Employee engagement falls on the shoulders of every manager and employee – Joint responsibility for employee engagement
Based on the article “Who is responsible for employee engagement” there have been a lot of discussion in various LinkedIn groups and on Google+. The many responses included rich and varied perspectives and opinions on employee engagement, its meaning and importance.
Below several distinctive views, illustrated by direct quotes from the LinkedIn and Google+ discussion threads – unfortunately it was not possible to acknowledge everyone who made helpful contribution:
DeBorah S. Walker
Also agree that engagement responsibility lies on the shoulders of both leaders and employees; however, it should be fostered more by the leaders, and that is where the employee empowerment will start, and my experience has shown me, that the burden of the cultural tone is set from the top …. and must be constant.
I’m more of the mind that employee engagement is a responsibility that leaders should own, in addition to building a culture that fosters openness, empowerment, recognition, etc. The employees AND leaders are responsible for maintaining that culture and keeping it a healthy and productive. It’s a small distinction, but an important one. In my work around employee engagement, leaders and employees seem to favor this approach as well.
So …… employees should be fully responsible for their controllables, what they bring to work, their attitude (100%). Research shows that 80% of results are tied to the systems that are in place, the culture, rewards, structure etc … employees operate inside the system that the leaders establish. If the system is a mismatch for the employee, the employee is fully accountable for choosing to continue to be there or leave. Leaders should disproportionately care because they establish the system that enables engagement (or not) and clearly they have employees because they need them! I get concerned when leaders spend any time on the problem being the “employee” versus being totally dedicated to understanding what they’ve designed, the system, because they already have the power position to deal with any employee based issues ……
Dr. Steven S. Merrill
Dr. Dawn Garrett, excellent point. We, as employers, invite men and women to work with us within the culture and system we have set up. Even the best and brightest men’s and women’s enthusiasm will slowly be snuffed out because of a poor environment (systems, policies, leaders, etc.). Each party has a responsibility, but the employer is the majority shareholder.
Colin T. McLetchie
If you view Employee Engagement and Performance Management from a cultural way of being perspective – they are both driven by the same thing: conversations. Leaders essentially get paid to have a lot of really powerful conversations including these “engagement” conversations. One of the tactics I recommend is the “stay interview” which is a dialogue where a leader inquires about what’s working, what could be shifted, commits to some actions, and then asks for the employee’s commitment to talk with the leader if the employee starts to feel “itchy to explore other opportunities” or starts getting calls that sound intriguing. Leaders who are able to partner with their employees through these explorations can be more prepared if someone decides to depart and can often stay in the dialogue to turn someone’s energy back toward the organization if they serve as a gracious and supportive mentor.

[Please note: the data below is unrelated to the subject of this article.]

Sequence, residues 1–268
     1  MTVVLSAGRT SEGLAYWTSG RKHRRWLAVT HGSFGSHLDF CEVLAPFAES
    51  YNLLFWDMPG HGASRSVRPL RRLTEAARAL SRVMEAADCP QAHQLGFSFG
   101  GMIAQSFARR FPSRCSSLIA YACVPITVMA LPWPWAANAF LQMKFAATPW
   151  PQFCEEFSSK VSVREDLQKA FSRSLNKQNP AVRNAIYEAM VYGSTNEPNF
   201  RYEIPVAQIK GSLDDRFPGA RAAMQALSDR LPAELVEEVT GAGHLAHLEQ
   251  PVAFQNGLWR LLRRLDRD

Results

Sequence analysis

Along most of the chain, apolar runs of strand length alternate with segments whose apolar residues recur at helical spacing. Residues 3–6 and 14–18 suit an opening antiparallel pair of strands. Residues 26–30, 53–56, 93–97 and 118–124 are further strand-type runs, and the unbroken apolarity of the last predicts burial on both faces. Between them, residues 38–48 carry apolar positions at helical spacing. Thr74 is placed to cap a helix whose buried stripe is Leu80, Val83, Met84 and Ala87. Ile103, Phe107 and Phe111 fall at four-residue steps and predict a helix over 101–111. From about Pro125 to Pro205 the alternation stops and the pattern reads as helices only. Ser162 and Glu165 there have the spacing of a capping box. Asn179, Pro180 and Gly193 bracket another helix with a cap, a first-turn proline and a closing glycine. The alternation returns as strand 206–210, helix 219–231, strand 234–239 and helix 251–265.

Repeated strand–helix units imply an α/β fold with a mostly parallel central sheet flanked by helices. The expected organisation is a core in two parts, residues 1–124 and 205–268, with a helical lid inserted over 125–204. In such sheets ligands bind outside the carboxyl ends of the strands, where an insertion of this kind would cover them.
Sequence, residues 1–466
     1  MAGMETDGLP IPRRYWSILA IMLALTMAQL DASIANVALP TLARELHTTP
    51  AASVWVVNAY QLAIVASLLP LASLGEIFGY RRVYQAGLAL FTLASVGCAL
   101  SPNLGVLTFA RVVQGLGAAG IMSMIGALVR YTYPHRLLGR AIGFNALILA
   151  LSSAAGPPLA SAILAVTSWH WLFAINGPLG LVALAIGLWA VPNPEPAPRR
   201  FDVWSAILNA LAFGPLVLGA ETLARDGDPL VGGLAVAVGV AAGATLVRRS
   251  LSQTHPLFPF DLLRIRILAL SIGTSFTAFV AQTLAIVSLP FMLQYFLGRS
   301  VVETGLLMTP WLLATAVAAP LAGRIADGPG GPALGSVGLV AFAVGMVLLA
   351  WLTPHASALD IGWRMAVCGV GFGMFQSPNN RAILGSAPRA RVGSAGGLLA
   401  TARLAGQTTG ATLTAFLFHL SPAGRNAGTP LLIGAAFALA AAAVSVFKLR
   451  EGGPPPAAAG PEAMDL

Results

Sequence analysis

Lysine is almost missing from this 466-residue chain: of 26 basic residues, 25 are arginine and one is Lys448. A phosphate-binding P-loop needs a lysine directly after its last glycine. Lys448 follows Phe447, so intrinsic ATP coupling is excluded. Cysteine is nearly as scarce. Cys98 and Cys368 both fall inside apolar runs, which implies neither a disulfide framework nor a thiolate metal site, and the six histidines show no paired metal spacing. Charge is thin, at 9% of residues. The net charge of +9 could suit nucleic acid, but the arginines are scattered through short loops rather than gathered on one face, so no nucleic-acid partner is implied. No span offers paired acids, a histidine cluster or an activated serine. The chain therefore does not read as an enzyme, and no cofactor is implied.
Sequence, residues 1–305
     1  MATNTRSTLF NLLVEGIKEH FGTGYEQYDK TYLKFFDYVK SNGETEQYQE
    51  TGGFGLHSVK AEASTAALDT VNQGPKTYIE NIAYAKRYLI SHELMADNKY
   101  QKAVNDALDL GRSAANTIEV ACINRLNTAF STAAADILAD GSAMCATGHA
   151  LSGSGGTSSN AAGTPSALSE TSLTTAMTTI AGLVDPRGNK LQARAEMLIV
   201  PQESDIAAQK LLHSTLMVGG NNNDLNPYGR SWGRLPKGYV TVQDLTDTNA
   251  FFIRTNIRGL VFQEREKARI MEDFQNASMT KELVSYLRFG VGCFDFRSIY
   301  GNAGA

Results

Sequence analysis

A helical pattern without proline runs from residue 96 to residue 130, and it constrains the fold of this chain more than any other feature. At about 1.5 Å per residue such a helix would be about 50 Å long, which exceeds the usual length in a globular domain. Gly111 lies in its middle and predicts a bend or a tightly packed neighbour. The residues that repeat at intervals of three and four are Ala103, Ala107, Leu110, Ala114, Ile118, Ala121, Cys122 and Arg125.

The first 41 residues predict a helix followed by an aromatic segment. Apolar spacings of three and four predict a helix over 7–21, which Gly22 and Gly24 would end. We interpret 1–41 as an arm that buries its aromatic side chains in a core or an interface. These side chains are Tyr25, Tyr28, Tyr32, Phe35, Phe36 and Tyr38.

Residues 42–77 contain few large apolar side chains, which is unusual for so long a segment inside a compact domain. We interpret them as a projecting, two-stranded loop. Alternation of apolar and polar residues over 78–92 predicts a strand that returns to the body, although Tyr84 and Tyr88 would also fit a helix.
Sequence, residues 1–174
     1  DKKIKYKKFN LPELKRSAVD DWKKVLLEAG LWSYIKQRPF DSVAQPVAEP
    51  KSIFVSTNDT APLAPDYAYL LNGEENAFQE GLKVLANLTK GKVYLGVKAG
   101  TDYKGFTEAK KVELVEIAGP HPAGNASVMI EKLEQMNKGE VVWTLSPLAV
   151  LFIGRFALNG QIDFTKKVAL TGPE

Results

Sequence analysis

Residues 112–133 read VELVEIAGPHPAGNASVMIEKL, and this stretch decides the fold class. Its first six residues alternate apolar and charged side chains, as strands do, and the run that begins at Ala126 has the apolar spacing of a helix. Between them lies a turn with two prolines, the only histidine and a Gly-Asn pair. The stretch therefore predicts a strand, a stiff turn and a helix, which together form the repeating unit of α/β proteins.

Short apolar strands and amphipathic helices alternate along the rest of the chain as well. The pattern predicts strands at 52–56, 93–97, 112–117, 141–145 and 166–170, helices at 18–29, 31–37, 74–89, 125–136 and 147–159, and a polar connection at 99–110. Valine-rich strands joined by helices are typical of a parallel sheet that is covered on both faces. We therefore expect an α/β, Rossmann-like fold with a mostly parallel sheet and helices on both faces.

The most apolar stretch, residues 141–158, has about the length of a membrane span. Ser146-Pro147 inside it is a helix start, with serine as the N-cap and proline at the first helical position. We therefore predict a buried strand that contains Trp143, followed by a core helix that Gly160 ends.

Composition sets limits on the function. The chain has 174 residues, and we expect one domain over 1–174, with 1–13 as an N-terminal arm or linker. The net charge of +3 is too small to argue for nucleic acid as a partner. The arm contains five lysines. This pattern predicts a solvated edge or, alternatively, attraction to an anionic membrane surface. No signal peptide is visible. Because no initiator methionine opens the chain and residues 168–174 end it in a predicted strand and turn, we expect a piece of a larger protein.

David W. Sorich
It always starts at the top. The leader of the organization sets the example for others to follow. While I understand there is a desire for everyone to take responsibility, in the end those at the top are responsible for direction, culture, and attitude.
Sir John Harvey-Jones once said that if an organization was not changing it was dying. This means that to continue to succeed an organization is in a constant state of change. Change requires the engagement of its employees. Whilst those at the top are responsible for direction, culture and attitude, line management is responsible for getting to know the employees that they manage and to understand what actually motivates them. Not every employee is going to be motivated in the same way, and in larger organizations those at the top are unlikely to know each employee well enough to know how their employees should be managed. It is unlikely that one ‘theory’ will fit all.
Employee engagement needs to stop being something that’s ‘done’ and recognized that it’s something that is ‘got’ from doing other things. I’m not sure how you could expect employees to ‘engage themselves’ if they don’t feel listened to, are poorly communicated with and are managed by bad leaders. Get the other stuff right and employee engagement, with all its benefits, happens
Employee engagement lies in the hands of one person, and one person only, their direct leader. I’ve never known any human being that doesn’t give their all to someone who genuinely cares about them (shown through knowing them on a personal level and developing them), reminds them how their work makes the lives of someone direct to them better, and gives them a very clear and practical way to measure their performance. That may sound “soft”, but I bet if you think back to a time in your career that you remember being most engaged you’ll find these things were present in your job.
A good leader will motivate and engage even disinterested employees. I think, people are always motivated but their leaders bring them to being demotivated and disengaged. Think about school. Why some teachers get their pupils intetested in what they teach and others don’t?
Short URL & title:
Joint responsibility for employee engagement — https://www.torbenrick.eu/t/r/dat
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